Cambodia’s WTO Membership A Matter of Debate Three Years on

Three years after joining the World Trade Organization, the val­ue of Cambodia’s membership re­mained a matter of debate this week among delegates at a conference in Phnom Penh over Tuesday and Wed­nesday.

To some, WTO membership has been an unequivocal boon, responsible for Cambodia’s rapid GDP growth during the past two years.

“Double-digit GDP growth was a result of the WTO-integrated framework,” World Bank economist Chea Huot said in an interview at the conference, which was organiz­ed by the Geneva-based Agency for In­­ternational Trade Information and Co­operation, the International Trade Center, and Cambodia’s Com­­­­merce Ministry.

Cambodia’s economy grew 13.5 percent in 2005 and around 10.5 percent in 2006, according to the International Monetary Fund.

But Kang Chandararot, director of the Cambodia Institute for De­vel­op­ment Study, said he be­lieved WTO membership just happened to coincide with a major unrelated factor that was boosting Cambodia’s economic growth: good weather, which led to improved agricultural productivity.

“I can see that Cambodian traders will gain advantage from the WTO in 2008,” Kang Chandararot said. “But not now. We are now in a period of preparation, not fully competitive.”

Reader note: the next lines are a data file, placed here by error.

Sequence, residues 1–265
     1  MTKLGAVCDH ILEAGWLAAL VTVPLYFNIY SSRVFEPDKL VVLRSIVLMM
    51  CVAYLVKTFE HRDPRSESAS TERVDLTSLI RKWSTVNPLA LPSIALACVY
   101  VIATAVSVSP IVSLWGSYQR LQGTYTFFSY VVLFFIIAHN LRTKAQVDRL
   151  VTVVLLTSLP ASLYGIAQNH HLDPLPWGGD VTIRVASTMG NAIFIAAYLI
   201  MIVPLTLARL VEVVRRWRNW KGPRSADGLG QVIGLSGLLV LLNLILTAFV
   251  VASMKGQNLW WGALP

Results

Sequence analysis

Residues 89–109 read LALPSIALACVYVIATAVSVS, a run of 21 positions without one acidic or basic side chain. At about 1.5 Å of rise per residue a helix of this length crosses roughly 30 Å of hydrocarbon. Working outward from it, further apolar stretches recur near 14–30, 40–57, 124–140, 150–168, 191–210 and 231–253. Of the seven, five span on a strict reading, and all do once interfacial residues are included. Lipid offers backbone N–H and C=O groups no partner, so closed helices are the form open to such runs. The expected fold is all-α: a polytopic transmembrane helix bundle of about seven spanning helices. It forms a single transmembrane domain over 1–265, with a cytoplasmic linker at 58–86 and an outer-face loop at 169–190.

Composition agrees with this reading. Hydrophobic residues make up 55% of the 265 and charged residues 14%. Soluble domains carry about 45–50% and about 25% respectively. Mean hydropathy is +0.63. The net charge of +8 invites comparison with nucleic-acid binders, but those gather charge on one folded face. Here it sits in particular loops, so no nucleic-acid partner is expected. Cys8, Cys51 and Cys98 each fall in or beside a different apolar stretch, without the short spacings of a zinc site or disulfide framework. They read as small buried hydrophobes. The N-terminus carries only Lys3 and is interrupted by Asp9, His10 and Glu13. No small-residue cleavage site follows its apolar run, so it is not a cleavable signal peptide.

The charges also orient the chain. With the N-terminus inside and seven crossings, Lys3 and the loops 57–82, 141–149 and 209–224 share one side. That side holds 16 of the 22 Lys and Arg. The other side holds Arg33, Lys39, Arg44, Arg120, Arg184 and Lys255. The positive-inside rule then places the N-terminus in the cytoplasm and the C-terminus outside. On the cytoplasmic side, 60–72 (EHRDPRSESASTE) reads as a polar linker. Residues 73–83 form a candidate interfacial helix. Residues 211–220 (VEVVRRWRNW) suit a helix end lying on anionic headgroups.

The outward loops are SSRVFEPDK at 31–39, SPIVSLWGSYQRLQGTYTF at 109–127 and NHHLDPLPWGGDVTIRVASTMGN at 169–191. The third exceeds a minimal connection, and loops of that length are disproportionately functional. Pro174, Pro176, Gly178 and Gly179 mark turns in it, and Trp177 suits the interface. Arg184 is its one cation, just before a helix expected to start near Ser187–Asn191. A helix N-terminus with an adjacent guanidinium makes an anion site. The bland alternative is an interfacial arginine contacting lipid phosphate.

Sok Siphana, a former Com­merce Ministry secretary of state who now works at the International Trade Center, a joint agency of the UN Con­ference on Trade and De­vel­op­ment and the WTO, said Cambodia still needs to improve its understanding of international markets.

Cambodia’s economy must begin to move beyond raw materials to pro­duce goods ready for consum­ers. “I want to urge [Cambodia’s] producers to understand the needs of the final market,” he said.

If international trade is to increase, Sok Siphana said, the government and private sector must work together to bring Cambodian products up to the world market’s standards.

Nuon Meng Tech, director-general of the Cambodian Chamber of Commerce, mentioned another barrier to Cambodia’s growth: corruption.

“Unofficial fees remain a bottleneck for Cambodian traders,” he said.


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